13. Panarairat Srichaiyarat, Associate Professor, Khon Kaen University
  14. Pavina Thephithuck, Senior Legal Fellow, BABSEACLE
  15. Stephan Sonnenberg, Clinical Legal Expert, RIL
  16. Su Robertson, Lecturer/Director of Clinical Programs, Victoria University

Flyer
Click here to download the JPG version

Program
Click here to view the program online
Click here to download the PDF version

Registration
Please send us the completed application to [email protected] 
2nd Asia CLE Summer School Application

Application for partial fee waiver
The Organizers will consider providing a partial conference fee waiver to participants who have both a demonstrated financial need and a history of being involved in CLE programs directed towards helping the poor and marginalized.
2016 Asia CLE Summer School Waiver Application

Further information
If you would like any further information, please contact Nattakan Chomputhong (Ann) at [email protected]

Author: Nattakan Chomputhong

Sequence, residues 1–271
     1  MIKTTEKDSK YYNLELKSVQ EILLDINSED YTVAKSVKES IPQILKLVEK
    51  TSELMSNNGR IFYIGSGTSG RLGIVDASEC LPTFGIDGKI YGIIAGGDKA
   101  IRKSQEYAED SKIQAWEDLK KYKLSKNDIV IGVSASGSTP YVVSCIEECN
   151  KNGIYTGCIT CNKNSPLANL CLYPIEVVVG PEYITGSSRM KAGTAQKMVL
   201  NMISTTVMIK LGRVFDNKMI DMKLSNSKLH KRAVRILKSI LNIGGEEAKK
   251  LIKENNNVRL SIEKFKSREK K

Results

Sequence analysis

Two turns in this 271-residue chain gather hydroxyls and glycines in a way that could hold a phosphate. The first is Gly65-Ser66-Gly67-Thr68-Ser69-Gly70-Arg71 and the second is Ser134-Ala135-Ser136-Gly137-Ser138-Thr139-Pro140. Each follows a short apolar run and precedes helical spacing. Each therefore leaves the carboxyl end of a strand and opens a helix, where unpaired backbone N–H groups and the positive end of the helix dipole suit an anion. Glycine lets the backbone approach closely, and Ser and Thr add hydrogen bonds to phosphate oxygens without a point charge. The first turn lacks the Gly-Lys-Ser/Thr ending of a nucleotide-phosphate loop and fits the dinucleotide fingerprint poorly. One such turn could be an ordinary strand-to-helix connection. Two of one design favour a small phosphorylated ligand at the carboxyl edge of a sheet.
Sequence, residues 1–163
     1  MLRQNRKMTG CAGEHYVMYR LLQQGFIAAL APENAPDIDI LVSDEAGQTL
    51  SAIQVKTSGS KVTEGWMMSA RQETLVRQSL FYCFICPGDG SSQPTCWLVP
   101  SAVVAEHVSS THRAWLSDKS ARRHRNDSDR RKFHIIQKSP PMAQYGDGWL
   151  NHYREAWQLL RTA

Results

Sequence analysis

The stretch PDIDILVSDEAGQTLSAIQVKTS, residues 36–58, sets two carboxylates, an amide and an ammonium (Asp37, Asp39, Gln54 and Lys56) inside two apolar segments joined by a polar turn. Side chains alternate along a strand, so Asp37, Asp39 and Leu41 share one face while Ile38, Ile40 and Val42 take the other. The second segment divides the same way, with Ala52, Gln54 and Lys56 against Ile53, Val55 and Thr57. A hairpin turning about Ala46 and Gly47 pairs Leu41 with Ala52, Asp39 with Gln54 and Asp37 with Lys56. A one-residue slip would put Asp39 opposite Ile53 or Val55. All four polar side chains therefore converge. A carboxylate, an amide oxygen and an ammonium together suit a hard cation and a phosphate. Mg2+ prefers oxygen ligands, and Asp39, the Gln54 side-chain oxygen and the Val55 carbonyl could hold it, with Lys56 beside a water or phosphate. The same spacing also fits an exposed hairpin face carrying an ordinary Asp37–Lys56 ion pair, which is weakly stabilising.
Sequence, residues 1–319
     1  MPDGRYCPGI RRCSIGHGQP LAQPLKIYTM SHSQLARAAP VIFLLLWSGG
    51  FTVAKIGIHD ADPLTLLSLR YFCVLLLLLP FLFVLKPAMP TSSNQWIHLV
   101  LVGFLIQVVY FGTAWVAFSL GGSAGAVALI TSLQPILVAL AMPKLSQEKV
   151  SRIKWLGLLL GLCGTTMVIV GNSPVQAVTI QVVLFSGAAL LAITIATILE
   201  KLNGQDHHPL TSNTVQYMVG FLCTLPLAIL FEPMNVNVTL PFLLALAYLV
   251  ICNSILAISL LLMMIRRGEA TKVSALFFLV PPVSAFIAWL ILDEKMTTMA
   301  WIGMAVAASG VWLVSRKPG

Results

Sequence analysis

Nattakan (Ann) holds a first class honours bachelor of law degree from Chiang Mai University and was involved in the CLE programs while she was a law student. Upon graduation, she became a legal fellow of CLE Foundation and BABSEA CLE (volunteer). Now, having completed her time as a legal fellow of CLE Foundation and BABSEA CLE, Ann works as a legal trainer. In this role her responsibilities include administrative and teaching support for clinic programs throughout South East Asia and providing training for those wishing to become clinical faculty members. Ann also provides valuable services to the community; she assists weekly, when possible, at the Wildflower Legal Education Initiative where she teaches single mothers, of varying ethnicities including Burmese and the people of the hill tribes, their legal rights. She also opens up clinic spaces for addition students and strengthens and enlivens clinical programmes to build a solid foundation of clinical faculty members. These programmes serve to develop the training ground for new clinical faculty, who are making the transition from practice to clinical teaching as well as providing the opportunity for entry level candidates with the time and intellectual space to craft a scholarly agenda that is tied to and symbiotic with clinical teaching and service. Ann has the opportunity to reflect on these experiences, and possibly the prospect of being better positioned in the law school teaching market.